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Article

Characterising the Mould Rectification Process for Designing Scoliosis Braces: Towards Automated Digital Design of 3D-Printed Braces

1
Department of Mechanical Engineering, Imperial College London, London SW7 2AZ, UK
2
Department of Applied Computing, University of Kelaniya, Kelaniya 11600, Sri Lanka
3
Sri Lanka School of Prosthetics and Orthotics, Rheumatology and Rehabilitation Hospital Ragama, Gampaha 11010, Sri Lanka
4
Center for Biomedical Innovation, University of Moratuwa, Moratuwa 10400, Sri Lanka
5
Department of Surgery and Cancer, Imperial College London, London W12 0BX, UK
*
Author to whom correspondence should be addressed.
Academic Editor: Francisco Cavas Martínez
Appl. Sci. 2021, 11(10), 4665; https://doi.org/10.3390/app11104665
Received: 12 April 2021 / Revised: 10 May 2021 / Accepted: 18 May 2021 / Published: 19 May 2021
(This article belongs to the Special Issue New Trends in Design Engineering)
The plaster-casting method to create a scoliosis brace consists of mould generation and rectification to obtain the desired orthosis geometry. Alternative methods entail the use of 3D scanning and CAD/CAM. However, both manual and digital design entirely rely on the orthotist expertise. Characterisation of the rectification process is needed to ensure that digital designs are as efficient as plaster-cast designs. Three-dimensional scans of five patients, pre-, and post-rectification plaster moulds were obtained using a Structure Mark II scanner. Anatomical landmark positions, transverse section centroids, and 3D surface deviation analyses were performed to characterise the rectification process. The rectification process was characterised using two parameters. First, trends in the external contours of the rectified moulds were found, resulting in lateral tilt angles of 81 ± 3.8° and 83.3 ± 2.6° on the convex and concave side, respectively. Second, a rectification ratio at the iliac crest (0.23 ± 0.04 and 0.11 ± 0.02 on the convex and concave side, respectively) was devised, based on the pelvis width to estimate the volume to be removed. This study demonstrates that steps of the manual rectification process can be characterised. Results from this study can be fed into software to perform automatic digital rectification. View Full-Text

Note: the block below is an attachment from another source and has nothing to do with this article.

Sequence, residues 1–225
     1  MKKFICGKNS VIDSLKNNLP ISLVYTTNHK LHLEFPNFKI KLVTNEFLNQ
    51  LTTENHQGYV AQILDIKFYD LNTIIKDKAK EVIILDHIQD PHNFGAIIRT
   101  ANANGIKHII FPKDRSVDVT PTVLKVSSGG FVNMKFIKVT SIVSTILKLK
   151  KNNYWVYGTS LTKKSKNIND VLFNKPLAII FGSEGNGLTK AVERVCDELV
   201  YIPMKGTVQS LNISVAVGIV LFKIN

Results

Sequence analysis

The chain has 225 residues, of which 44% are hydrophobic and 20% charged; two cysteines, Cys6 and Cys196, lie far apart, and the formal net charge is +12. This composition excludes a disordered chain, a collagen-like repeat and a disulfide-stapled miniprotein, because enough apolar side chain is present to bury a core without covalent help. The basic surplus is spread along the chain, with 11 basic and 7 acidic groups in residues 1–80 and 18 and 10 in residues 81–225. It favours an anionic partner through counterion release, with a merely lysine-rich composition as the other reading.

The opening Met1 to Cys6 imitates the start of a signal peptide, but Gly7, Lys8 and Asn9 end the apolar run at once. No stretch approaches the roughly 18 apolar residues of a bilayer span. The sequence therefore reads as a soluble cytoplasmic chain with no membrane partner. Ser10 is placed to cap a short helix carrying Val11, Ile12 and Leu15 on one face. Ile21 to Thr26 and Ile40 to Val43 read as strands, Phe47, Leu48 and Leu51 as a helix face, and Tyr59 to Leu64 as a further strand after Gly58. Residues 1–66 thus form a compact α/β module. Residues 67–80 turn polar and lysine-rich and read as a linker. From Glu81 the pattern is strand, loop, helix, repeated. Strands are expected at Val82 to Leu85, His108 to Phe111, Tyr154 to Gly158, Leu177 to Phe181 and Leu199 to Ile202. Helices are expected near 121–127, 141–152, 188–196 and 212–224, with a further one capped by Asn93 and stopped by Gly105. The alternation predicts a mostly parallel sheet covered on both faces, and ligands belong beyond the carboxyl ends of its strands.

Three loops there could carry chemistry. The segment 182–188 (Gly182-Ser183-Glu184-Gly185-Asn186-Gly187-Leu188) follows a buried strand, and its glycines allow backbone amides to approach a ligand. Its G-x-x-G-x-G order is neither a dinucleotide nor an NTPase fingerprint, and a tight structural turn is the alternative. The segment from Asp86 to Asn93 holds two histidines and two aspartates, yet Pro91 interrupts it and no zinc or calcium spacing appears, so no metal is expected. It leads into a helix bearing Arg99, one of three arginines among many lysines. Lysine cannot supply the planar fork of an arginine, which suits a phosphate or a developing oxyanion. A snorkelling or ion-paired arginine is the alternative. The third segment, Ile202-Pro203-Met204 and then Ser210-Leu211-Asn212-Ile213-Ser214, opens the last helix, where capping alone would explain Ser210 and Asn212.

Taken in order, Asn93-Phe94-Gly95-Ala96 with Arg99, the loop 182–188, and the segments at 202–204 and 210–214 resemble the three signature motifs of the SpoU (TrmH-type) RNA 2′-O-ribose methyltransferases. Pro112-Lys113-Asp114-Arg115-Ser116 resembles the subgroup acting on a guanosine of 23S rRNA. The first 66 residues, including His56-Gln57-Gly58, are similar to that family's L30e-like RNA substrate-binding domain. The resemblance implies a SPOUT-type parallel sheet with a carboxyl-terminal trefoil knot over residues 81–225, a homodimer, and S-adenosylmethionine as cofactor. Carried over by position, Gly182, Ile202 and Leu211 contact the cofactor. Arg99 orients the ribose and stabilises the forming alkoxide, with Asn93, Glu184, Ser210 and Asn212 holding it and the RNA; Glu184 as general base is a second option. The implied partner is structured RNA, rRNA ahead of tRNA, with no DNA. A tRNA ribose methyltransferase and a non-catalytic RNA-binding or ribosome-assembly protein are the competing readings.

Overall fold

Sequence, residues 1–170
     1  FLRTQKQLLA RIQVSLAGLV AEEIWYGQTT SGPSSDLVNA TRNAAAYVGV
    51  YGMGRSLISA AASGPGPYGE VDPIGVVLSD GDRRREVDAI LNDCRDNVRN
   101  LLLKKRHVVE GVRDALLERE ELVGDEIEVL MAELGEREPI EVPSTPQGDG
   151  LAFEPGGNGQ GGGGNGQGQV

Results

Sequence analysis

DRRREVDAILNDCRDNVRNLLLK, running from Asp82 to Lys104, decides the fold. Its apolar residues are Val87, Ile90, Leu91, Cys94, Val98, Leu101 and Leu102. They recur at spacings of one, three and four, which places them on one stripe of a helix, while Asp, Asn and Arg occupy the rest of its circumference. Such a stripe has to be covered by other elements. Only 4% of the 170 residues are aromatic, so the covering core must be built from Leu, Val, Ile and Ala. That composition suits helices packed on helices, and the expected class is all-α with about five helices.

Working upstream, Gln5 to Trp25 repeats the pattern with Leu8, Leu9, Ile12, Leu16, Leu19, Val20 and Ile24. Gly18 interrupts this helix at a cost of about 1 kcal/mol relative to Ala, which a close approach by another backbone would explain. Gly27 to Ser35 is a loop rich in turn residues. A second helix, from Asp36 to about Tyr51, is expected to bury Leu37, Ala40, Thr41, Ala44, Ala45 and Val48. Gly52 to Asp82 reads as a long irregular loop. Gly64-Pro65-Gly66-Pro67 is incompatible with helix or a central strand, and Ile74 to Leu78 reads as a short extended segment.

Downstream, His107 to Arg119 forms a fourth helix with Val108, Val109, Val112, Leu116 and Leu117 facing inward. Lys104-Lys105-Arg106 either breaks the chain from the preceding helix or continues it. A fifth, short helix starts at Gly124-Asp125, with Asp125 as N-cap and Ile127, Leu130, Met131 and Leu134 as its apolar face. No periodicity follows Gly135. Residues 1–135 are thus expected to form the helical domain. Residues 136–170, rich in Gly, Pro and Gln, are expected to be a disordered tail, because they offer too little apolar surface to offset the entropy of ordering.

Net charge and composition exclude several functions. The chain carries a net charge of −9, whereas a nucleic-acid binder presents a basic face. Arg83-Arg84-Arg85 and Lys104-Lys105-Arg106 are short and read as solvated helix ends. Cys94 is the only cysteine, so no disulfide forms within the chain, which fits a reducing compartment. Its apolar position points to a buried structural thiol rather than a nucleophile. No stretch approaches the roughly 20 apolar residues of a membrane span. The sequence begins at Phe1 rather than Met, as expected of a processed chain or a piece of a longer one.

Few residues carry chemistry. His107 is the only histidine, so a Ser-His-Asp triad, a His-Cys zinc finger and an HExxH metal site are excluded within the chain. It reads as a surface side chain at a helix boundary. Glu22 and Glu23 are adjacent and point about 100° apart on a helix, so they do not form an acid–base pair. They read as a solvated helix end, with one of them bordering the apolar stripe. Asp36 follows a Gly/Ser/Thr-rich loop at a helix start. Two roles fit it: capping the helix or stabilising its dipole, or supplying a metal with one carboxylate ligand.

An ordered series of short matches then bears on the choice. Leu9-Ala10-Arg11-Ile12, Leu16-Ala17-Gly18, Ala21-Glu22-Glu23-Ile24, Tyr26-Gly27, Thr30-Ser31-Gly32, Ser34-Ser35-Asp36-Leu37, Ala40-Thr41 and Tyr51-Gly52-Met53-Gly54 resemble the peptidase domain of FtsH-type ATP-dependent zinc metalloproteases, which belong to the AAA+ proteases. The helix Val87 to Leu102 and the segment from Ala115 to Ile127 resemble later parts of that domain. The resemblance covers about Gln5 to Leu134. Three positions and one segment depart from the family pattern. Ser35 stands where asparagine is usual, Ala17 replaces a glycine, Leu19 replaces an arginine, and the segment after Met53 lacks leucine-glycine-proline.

Keywords: 3D scanning; adolescent idiopathic scoliosis; digital design; orthosis design; plaster-casting; scoliosis brace; sculpting software 3D scanning; adolescent idiopathic scoliosis; digital design; orthosis design; plaster-casting; scoliosis brace; sculpting software
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MDPI and ACS Style

Sanz-Pena, I.; Arachchi, S.; Halwala-Vithanage, D.; Mallikarachchi, S.; Kirumbara-Liyanage, J.; McGregor, A.; Silva, P.; Newell, N. Characterising the Mould Rectification Process for Designing Scoliosis Braces: Towards Automated Digital Design of 3D-Printed Braces. Appl. Sci. 2021, 11, 4665. https://doi.org/10.3390/app11104665

AMA Style

Sanz-Pena I, Arachchi S, Halwala-Vithanage D, Mallikarachchi S, Kirumbara-Liyanage J, McGregor A, Silva P, Newell N. Characterising the Mould Rectification Process for Designing Scoliosis Braces: Towards Automated Digital Design of 3D-Printed Braces. Applied Sciences. 2021; 11(10):4665. https://doi.org/10.3390/app11104665

Chicago/Turabian Style

Sanz-Pena, Inigo, Shanika Arachchi, Dhammika Halwala-Vithanage, Sanjaya Mallikarachchi, Jeewantha Kirumbara-Liyanage, Alison McGregor, Pujitha Silva, and Nicolas Newell. 2021. "Characterising the Mould Rectification Process for Designing Scoliosis Braces: Towards Automated Digital Design of 3D-Printed Braces" Applied Sciences 11, no. 10: 4665. https://doi.org/10.3390/app11104665

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